Rockets target Taji military base north of Baghdad - statement
Iraqi camp Taji north of Baghdad was targeted by Katyusha rockets on Tuesday, with no casualties reported, an Iraqi military statement said. No group has claimed responsibility for the attack. On Sunday, four people were wounded after eight Katyusha rockets were fired at Balad air base, which houses U.S. personnel, located about 80 km (50 miles) north of Baghdad, the Iraqi military said in a statement. Military sources identified the wounded as Iraqi soldiers.
Iraq ’s military announced late Friday that an air base where US troops are stationed was hit by mortar shells in an attack that resulted in no casualties.
Several rockets have been fired at the Al Asad Air Base in western Iraq and a military facility in Irbil in northern Iraq . Iran's state-run TV network confirmed Following the attack, Iraqi lawmakers approved a resolution to expel U.S. troops from the country. U.S. forces were on high alert for an attack after
Almost 300 Australian troops are stationed at an Iraqi military base targeted by at least two rockets on Wednesday morning.
No casualties were reported in the attack on the Taji airbase, located 85 kilometres north of the capital Baghdad.
Australian Defence Minister Linda Reynolds said all Australian personnel were accounted for and safe and no Australians were in the immediate vicinity of the attack.
"We've had 300-plus Australians at Taji for several years working to train the Iraqi security forces in countering terrorism," Senator Reynolds told Perth radio station 6PR.
Where US troops are in the Middle East, and could now be a target
The United States has tens of thousands of military personnel at bases and aboard ships across the Middle East, as well as arrangements with various countries to move soldiers and military equipment through airstrips and ports. Here’s a look at some of these places, which could now be targeted.Iraq: Estimated 6,000 troopsUS officials won’t say exactly how many troops there are in Iraq or where they are based. There are an estimated 6,000 troops stationed across the country, including in the Green Zone, Baghdad’s walled-off diplomatic area, and at al-Asad Air Base, where Vice President Mike Pence visited US troops in November.
Iraqi camp Taji north of Baghdad was targeted by Katyusha rockets on Tuesday, with no casualties The U.S.-led military coalition fighting Islamic State said on Tuesday that no troops were affected in On Sunday, four people were wounded after eight Katyusha rockets were fired at Balad air base
Most American soldiers stationed at the Balad base had already left amid soaring tensions between Washington and Tehran. At least six mortar shells fell inside the Balad air base north of Baghdad on Sunday, wounding four Iraqi soldiers, Iraq 's military said.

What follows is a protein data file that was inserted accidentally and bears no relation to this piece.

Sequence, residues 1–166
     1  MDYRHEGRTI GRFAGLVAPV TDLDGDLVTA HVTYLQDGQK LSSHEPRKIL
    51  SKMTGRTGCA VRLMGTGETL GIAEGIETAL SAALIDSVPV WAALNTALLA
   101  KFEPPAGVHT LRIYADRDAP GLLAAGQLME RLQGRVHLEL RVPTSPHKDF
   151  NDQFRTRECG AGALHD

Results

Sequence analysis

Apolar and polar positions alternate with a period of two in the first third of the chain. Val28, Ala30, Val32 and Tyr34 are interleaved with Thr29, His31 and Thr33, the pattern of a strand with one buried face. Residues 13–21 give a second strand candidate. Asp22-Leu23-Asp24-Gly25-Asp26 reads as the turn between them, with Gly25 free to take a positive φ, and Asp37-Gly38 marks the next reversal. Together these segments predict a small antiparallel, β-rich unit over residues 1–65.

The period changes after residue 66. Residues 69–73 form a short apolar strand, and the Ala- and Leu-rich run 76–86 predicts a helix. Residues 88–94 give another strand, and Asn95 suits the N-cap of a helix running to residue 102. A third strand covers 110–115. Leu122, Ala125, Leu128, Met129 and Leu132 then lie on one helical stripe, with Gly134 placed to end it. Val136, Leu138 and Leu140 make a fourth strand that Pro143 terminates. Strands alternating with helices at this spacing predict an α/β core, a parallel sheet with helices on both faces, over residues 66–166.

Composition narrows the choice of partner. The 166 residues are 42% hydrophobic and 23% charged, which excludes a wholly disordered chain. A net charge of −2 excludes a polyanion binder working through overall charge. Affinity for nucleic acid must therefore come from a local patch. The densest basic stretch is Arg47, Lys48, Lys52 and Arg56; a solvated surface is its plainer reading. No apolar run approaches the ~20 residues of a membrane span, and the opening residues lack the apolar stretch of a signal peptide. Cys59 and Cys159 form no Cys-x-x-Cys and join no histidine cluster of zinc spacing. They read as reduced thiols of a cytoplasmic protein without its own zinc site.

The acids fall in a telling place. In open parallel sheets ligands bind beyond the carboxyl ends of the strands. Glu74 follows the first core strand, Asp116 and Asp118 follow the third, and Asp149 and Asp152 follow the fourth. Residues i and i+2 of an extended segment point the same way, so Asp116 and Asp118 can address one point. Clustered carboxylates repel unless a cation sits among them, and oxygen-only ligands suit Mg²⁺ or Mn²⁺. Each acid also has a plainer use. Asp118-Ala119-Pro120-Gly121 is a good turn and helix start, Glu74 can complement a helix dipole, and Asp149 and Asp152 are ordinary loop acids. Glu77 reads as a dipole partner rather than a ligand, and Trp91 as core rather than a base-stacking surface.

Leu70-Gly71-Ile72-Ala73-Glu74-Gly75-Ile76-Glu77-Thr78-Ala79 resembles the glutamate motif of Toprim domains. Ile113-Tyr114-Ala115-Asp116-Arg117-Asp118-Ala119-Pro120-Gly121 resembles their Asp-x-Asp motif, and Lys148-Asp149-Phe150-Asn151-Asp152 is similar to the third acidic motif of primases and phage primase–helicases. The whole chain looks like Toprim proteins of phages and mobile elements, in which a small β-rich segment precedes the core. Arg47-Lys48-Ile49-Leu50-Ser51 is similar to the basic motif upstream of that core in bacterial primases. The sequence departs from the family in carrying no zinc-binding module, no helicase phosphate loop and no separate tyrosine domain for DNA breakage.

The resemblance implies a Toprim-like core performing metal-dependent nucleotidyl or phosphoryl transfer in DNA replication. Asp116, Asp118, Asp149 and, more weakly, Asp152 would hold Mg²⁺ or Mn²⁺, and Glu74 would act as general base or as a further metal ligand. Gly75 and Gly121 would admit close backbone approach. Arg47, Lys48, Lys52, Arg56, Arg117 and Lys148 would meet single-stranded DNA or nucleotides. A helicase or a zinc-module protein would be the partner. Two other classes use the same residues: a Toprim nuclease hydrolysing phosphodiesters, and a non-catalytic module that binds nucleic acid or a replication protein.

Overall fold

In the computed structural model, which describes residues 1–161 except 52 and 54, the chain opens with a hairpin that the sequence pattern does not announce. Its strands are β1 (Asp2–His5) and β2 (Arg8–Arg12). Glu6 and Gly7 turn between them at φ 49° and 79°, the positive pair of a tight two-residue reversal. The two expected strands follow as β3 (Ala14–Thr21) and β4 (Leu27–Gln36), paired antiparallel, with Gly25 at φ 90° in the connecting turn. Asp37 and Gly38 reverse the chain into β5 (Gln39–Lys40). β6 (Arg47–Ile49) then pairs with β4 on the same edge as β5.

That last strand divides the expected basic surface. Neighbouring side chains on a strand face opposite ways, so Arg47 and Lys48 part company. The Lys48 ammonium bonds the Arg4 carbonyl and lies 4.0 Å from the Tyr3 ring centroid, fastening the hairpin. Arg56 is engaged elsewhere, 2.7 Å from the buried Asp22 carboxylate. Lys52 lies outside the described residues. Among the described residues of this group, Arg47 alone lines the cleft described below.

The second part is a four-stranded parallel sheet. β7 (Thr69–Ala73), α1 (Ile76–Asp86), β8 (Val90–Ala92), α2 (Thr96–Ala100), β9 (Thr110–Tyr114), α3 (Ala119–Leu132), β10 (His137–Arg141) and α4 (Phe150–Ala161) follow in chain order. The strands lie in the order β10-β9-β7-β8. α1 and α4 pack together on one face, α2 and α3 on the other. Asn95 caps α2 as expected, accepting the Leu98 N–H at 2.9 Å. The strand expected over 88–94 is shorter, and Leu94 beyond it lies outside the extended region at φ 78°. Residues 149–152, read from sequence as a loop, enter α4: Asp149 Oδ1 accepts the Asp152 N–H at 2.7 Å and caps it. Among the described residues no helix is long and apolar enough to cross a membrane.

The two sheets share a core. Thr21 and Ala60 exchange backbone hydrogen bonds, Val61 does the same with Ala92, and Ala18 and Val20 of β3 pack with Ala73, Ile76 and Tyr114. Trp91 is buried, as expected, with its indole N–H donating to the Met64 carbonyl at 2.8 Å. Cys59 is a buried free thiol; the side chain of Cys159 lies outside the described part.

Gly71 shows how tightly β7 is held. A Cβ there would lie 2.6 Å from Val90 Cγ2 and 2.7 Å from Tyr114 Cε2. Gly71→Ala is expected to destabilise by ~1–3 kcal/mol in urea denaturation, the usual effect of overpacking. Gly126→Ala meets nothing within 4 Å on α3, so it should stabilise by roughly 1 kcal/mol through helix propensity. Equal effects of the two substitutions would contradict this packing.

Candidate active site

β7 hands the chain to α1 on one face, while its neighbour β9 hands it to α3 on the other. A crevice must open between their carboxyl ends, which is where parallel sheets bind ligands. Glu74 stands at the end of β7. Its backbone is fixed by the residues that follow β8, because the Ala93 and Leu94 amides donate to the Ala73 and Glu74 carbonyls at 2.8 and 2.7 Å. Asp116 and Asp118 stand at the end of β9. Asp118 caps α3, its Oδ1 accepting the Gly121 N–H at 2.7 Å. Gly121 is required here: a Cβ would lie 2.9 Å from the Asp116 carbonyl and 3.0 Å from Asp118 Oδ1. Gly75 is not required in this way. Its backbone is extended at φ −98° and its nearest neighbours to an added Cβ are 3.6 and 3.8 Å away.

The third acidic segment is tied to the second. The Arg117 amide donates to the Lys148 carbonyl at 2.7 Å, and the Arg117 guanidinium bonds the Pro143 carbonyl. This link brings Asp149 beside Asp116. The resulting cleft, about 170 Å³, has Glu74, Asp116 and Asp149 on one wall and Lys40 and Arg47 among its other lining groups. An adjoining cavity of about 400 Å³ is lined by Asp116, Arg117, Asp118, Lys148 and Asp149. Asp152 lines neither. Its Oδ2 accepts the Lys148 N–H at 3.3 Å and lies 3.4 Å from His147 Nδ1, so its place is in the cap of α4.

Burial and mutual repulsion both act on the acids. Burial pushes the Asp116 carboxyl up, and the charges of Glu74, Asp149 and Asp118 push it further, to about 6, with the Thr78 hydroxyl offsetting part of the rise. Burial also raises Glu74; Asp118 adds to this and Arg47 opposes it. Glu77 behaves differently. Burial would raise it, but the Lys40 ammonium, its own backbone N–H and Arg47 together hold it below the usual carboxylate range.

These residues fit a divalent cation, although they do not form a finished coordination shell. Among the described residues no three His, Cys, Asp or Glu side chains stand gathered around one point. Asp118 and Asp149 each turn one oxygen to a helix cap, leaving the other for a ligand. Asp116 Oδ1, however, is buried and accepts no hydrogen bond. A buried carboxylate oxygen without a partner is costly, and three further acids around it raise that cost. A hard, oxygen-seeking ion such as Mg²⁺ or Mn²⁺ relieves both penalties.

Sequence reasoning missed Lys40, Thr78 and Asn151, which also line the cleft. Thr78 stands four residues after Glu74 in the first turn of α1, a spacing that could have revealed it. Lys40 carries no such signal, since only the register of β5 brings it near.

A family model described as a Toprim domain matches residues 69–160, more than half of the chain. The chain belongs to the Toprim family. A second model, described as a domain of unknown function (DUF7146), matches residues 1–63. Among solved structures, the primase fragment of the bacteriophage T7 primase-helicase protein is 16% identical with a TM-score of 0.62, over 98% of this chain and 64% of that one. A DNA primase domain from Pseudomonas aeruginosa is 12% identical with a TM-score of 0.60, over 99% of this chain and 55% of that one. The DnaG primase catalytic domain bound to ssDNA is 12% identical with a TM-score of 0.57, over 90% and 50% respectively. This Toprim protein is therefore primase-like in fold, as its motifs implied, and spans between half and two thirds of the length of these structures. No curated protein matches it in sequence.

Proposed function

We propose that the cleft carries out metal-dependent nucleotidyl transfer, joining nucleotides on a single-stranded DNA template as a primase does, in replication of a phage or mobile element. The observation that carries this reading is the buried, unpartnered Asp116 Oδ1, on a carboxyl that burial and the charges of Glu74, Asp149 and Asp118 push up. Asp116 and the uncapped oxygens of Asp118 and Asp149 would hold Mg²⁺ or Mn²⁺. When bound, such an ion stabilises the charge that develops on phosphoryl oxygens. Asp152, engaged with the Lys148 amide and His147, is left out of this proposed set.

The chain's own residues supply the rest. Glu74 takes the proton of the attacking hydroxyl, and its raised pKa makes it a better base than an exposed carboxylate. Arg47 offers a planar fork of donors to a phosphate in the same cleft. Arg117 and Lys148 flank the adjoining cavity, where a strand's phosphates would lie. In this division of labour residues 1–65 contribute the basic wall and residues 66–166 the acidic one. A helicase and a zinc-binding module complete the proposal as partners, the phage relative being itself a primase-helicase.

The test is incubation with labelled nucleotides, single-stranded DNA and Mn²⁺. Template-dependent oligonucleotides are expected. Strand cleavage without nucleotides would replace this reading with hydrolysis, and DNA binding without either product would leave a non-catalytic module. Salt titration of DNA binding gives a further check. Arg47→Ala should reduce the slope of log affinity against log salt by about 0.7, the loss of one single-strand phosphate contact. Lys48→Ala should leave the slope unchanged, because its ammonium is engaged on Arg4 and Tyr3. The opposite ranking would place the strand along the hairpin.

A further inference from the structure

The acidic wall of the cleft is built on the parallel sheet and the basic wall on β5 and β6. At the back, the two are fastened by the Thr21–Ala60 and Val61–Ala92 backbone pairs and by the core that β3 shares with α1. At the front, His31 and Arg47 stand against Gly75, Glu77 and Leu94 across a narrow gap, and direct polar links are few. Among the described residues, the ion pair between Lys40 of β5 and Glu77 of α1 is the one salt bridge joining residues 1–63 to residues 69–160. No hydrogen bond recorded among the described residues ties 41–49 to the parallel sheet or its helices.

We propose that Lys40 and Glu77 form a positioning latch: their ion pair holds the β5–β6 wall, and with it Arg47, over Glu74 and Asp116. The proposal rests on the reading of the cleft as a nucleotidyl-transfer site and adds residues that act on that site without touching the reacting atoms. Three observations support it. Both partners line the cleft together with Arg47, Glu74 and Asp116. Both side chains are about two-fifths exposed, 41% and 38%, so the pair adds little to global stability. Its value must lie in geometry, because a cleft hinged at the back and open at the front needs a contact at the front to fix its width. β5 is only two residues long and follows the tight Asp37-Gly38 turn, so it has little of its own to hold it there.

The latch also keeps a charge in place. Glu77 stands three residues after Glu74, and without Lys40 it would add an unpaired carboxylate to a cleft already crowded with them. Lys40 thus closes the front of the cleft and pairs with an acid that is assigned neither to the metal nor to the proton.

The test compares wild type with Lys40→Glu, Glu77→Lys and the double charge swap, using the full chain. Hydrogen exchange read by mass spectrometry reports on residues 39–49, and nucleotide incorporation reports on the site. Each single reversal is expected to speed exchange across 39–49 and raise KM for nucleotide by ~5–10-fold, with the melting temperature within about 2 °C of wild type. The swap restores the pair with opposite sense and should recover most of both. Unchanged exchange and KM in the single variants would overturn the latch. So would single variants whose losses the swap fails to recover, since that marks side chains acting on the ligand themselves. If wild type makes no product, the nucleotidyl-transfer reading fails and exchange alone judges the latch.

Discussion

"Yes we do have nearly 300 troops in the base… [but] all Australian personnel have been accounted for and safe and in fact we didn't have any personnel in the vicinity of the attack."
Asked whether Australia was reviewing its presence in Iraq in the wake of the US-Iran tensions, she said: "We are always closely monitoring what is happening in a very volatile region of the world".
"Every week [we] review that at the national security committee of cabinet."
Multiple reports said at least two Katyusha rockets were fired at the base on Tuesday night local time.
Rocket attacks have targeted a number of defence bases where US forces are stationed in recent months, which have killed one American contractor and an Iraqi soldier.
The US has blamed the attacks on Iran-backed Shia militias.
An attack on Sunday wounded four members of Iraq's military.
Tensions between the US and Iran have escalated this year since a targeted American drone strike in Iraq killed prominent Iranian commander Qassem Soleimani, followed by an Iran missile attack on a US base in Iraq.
Iran has also admitted its military shown down a Ukrainian passenger plane, which it has blamed on human error.
Australia has so far committed to staying in Iraq to stop any resurgence of the terrorist group ISIS after the country's Parliament called for the expulsion of coalition troops from the country.
Asia's crude supplies could be disrupted if Iraqi oil facilities are targeted .
Middle East tensions heightened after Iran targeted more than a dozen ballistic missiles against U.S. forces in Iraq.Iraq is the second-largest oil producer in OPEC, the Organization of the Petroleum Exporting Countries. A disruption to its output level could make it hard for the oil cartel to replace the shortfall, Henning Gloystein, director for global energy and natural resources at political risk consultancy Eurasia Group, said on "Squawk Box.